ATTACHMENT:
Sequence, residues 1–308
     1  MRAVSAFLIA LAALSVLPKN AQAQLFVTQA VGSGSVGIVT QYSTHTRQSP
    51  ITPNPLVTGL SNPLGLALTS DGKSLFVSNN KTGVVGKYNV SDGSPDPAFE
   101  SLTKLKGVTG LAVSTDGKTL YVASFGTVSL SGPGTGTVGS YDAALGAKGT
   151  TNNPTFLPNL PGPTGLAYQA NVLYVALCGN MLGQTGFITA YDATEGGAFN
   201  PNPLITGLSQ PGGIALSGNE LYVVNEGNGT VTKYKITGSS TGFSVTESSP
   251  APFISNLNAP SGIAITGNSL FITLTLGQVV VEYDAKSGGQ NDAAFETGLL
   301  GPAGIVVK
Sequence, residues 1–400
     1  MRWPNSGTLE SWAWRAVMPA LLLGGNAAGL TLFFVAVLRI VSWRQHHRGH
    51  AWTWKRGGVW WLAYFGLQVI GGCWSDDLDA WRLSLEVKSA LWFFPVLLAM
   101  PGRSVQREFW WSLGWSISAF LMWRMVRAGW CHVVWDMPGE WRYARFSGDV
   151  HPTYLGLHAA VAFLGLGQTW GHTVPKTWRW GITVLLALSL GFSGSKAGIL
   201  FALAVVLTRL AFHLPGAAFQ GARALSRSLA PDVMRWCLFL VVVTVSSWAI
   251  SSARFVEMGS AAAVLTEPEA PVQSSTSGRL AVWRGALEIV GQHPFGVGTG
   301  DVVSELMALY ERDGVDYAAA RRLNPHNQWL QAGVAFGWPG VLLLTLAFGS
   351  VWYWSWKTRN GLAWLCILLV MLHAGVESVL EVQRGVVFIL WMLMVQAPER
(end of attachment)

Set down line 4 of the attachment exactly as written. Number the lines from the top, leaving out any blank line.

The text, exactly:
   101  SLTKLKGVTG LAVSTDGKTL YVASFGTVSL SGPGTGTVGS YDAALGAKGT